• Three’s Company – Four or More is a Crowd. The general rule is, the more voices you have to work with, the harder it’s going to be.
• Everyone has their own phrasing, their own style, their own presentation. Impromptu collaborations are very tough to get everyone on the same musical page. Working all of the phrasing, places to breathe, seamless transitions between handoffs and a host of other little subtleties takes practice.
• Impromptu sessions, by definition, are not practiced, so you have to use your instincts and fly by the seat of your pants. One can get away with it more easily that two. Two more easily than three and so on.
• In a Duet, the harmonizer has all options available! You’ll never step on the other harmonizer’s line, and as long as you avoid the melody, you’ll be safe with your partner – unless he has no clue what the real melody is either. Don’t laugh – it happens.
• When you have multi voices and no plan of attack it’s easy to double notes … which just makes them louder.

Gang Sang

 • If you must Sang in a Gang, try to get your homies together ahead of time and figure out who’s going to do what. You can attack a song in smaller groups.
• Say you have six in your posse. Three can take the opener and first to figures, while the other three dance and hum, or do-wap in the background. Then the next three take the middle break while the original three sha-na-na and la la in the background. Everyone joins in on the closer, but say three take the first half, and the next three take the last half with those on deck singing backup in the way-background. A strategy like this can keep a tune from being a dog howl. The dancers will thank you for it!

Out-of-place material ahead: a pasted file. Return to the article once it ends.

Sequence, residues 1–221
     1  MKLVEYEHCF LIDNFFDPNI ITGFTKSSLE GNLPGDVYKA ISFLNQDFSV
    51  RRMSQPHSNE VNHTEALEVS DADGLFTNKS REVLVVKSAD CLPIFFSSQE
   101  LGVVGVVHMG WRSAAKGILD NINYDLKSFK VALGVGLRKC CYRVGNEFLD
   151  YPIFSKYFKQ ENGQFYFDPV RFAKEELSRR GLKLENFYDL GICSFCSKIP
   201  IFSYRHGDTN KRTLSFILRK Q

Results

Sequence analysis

Finalé

Working well with others is not very difficult. You may need to develop skill, but a little common sense goes an awful long way. If it sounds bad, back out – don’t continue. There’s no reason to prolong the agony for the dancers. Figure out something else to do that sounds better.

If you can’t sing with the other guy for whatever reason, take turns. Each sing a solo for each break or figure you take. What’s wrong with that? The dancers will appreciate that far better than listening to a pair of cats howl on the back fence. Listen closely to the professionals. Listen with an ear to picking apart what they’re doing. Try to duplicate it, and don’t get discouraged if it’s out of your league. Sometimes it will be. That’s why they’re pros.

You can use them for inspiration and instruction. Find something you can be comfortable with, and you’ll be confident.

Ciao!

Mike Haworth